“Ginny & Georgia” correctly depicts mental illness

Illustration of Ginny and Georgia
Emma Ford / The Mossy Log

Hit show’s first season glossed over serious challenges, second season focuses on realistic portrayals

Despite its flaws, “Ginny & Georgia” is one of very few shows to correctly portray mental illness in its second season.

The Netflix original centers around Georgia, a 30-year-old mother of two with a storied past, and Ginny, her 15 year-old daughter, who explores her independence while learning about her mother’s youth. While the show immediately sounds like a darker Gilmore Girls, it embraces this. Just seconds into the first trailer, Georgia declares that they are “like the Gilmore Girls but with bigger boobs.”

Season one  was met with mixed reviews. Despite achieving enough success to be renewed within a month of its debut, it was perhaps more notorious than beloved. The show quickly went viral on social media. A tasteless Taylor Swift joke incurred the wrath of Swifties, and a scene dubbed the “Oppression Olympics” was the butt of jokes everywhere from Twitter to Teen Vogue.

Beyond the controversy, the first season was not particularly notable. It was a soapy drama-comedy with plenty of uncomfortable moments, which leaned so heavily into being “Gilmore-Girls-but-edgy” that it struggled to have an identity of its own. It had its saving graces, though, from top-tier acting to the genuinely compelling cast of characters they portrayed. Overall, the show was entertaining if not groundbreaking.

The highly anticipated second season came out Jan. 5, and has been wildly popular. According to views during the first 28 days on Netflix, it was globally the second most-watched TV show for the week of Feb. 6 (behind “You” Season four, starring Lewis & Clark’s own Penn Badgely), and the 10th most watched of all time. 

This season immediately  felt very different than the earlier installment. The first season ends with Ginny running away to her father’s house, leaving tensions high with Georgia. In a long, scoreless scene, Ginny admits to her father that she has been self-harming. He promises that they will find Ginny a therapist and get her help, but insists they tell her mother. She resists this condition, and her refusal fuels a conflict that carries through the first half of the second season.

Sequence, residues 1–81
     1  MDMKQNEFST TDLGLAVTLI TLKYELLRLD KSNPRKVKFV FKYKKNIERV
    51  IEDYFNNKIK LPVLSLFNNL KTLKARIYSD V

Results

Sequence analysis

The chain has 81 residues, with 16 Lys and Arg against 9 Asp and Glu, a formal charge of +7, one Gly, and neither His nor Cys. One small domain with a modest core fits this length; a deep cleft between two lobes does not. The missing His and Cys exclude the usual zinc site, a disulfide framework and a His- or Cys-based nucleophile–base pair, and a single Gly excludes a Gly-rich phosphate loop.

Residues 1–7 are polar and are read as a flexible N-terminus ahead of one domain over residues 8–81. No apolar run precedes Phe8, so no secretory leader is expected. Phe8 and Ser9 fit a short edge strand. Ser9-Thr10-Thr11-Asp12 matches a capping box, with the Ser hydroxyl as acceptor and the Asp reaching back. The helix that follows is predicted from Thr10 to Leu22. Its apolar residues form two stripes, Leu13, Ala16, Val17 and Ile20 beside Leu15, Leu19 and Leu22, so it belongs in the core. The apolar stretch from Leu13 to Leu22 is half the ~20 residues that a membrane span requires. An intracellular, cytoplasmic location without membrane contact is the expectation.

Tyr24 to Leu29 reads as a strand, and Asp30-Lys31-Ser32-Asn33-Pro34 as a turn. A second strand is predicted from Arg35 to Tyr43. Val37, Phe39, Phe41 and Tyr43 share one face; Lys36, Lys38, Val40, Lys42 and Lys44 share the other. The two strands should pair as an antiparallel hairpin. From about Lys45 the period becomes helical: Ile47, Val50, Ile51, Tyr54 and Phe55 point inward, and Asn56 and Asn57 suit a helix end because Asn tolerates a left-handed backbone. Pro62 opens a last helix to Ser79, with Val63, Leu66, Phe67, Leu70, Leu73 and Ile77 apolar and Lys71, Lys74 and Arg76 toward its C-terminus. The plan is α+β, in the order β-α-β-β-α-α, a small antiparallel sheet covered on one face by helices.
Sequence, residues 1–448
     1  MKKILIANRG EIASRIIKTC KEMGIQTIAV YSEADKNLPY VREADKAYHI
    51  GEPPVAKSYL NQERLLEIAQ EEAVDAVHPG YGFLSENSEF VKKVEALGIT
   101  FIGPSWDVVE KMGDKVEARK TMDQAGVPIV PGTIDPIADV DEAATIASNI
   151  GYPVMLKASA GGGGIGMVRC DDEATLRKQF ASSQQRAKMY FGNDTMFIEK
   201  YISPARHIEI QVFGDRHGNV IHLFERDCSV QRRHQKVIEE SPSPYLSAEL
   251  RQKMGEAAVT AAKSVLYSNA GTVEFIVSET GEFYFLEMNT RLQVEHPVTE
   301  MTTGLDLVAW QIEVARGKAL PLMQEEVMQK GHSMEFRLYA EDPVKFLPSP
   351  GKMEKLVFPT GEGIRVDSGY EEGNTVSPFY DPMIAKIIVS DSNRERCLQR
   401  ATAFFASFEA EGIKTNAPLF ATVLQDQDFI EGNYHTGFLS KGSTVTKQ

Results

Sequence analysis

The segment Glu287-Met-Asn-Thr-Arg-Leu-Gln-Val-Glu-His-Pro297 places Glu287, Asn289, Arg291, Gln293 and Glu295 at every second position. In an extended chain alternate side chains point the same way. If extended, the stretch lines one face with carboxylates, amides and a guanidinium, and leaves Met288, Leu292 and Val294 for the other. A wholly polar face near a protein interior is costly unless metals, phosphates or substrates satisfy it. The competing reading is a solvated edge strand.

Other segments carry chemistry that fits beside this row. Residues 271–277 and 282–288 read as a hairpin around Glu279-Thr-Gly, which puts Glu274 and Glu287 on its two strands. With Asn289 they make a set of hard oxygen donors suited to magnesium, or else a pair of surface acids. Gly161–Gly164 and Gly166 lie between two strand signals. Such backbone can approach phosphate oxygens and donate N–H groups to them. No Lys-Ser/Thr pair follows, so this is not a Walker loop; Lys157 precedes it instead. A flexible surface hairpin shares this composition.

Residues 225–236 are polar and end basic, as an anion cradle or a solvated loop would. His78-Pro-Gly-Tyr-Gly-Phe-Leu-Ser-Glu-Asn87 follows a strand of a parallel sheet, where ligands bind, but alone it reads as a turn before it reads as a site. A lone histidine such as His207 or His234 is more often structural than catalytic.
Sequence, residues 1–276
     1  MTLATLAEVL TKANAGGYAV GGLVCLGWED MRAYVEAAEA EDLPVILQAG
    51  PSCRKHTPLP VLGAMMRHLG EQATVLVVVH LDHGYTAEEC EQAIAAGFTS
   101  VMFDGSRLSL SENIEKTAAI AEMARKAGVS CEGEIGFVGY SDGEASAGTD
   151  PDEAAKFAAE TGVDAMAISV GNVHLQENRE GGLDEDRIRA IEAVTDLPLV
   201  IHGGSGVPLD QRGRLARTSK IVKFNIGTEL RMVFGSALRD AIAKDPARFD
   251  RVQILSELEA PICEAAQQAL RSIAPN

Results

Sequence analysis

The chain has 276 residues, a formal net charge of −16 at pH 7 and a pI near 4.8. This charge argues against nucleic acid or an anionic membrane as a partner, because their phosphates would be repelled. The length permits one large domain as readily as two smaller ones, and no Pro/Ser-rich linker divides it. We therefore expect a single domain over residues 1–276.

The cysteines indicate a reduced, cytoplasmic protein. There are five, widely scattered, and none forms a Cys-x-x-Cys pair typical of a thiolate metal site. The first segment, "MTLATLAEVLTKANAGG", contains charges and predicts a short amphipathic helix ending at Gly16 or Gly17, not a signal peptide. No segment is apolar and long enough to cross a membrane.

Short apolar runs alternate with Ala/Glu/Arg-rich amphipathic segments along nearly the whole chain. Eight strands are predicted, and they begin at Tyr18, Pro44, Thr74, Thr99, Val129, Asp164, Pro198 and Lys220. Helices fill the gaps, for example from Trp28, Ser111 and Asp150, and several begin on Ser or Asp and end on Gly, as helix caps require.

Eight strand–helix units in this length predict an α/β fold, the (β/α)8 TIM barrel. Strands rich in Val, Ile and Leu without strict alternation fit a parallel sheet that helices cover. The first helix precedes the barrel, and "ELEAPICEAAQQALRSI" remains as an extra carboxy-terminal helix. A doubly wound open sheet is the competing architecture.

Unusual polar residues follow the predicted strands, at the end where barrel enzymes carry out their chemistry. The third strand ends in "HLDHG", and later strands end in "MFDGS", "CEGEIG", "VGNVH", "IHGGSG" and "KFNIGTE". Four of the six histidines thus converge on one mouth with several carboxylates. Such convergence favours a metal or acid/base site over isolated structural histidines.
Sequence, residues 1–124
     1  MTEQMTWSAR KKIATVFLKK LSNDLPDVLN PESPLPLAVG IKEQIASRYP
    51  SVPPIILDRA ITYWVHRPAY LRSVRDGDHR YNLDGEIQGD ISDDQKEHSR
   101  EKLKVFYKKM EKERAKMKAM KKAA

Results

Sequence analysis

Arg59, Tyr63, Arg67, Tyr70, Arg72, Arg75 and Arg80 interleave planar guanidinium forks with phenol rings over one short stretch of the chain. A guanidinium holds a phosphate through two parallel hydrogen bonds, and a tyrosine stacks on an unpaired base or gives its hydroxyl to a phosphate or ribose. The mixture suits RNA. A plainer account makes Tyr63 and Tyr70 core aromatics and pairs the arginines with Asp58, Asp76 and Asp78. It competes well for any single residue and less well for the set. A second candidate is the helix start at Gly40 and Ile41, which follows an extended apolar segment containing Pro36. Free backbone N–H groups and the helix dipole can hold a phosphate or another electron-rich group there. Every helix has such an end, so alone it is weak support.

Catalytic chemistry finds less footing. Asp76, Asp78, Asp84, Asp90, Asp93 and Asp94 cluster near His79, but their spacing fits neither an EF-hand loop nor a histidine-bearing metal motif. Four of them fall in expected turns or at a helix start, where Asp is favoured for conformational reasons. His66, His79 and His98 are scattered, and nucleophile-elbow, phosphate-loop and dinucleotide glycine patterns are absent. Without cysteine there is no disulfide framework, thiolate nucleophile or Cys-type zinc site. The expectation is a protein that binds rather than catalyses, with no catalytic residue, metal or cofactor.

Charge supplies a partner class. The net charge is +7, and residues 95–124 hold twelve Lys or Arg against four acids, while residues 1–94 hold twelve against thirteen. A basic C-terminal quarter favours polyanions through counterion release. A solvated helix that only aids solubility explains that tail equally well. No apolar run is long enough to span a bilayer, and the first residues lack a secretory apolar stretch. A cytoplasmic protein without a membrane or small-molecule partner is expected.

Ginny’s therapy sessions become a recurring event, with multiple scenes in the therapist’s office, discussion of her mental health with her boyfriend and moments when she uses the coping mechanisms discussed in therapy.

Importantly, therapy is not portrayed as a quick-fix, and it is neither dramatized or trivialized. The scenes are written with the care, realism and tact that was missing from the first season, and is missing in TV mental health plotlines overall. 

Season one included Ginny’s self harm, but glossed over it as an unhealthy coping mechanism that she would eventually deal with. It was not a big deal to her, her loved ones or the writers. Season two corrects these mistakes. The show is not about mental health, but rather about complex characters who are experiencing mental health struggles, among other things.

The nuance seeps into various plot points throughout the show. Georgia demonstrates a deep aversion to therapy due to her difficult past, which has also left her struggling with panic attacks she has never addressed. Ginny’s boyfriend, Marcus, falls into a deep depression and starts abusing alcohol, earning an episode centered around him that is one of the most impressive of the season.

This season’s accomplishments were twofold. First, a lackluster, overdramatized show completely turned around, maintaining its positive qualities, but injecting substance and authenticity. Second, it gets mental health right in a way few shows ever really have.

We have come to expect very little of mental health in media, from OCD on “Glee” to suicide on “13 Reasons Why,” viewers have been scorned too many times. This show rose to the challenge, bringing complex and empathetic treatment to a difficult topic that never gets it.

“Ginny & Georgia” serves as a model for what realism-based TV drama can become, and may move the genre in a direction it has desperately needed for some time. The show will likely be renewed for a third season, and I cannot wait to see where its potential takes it.

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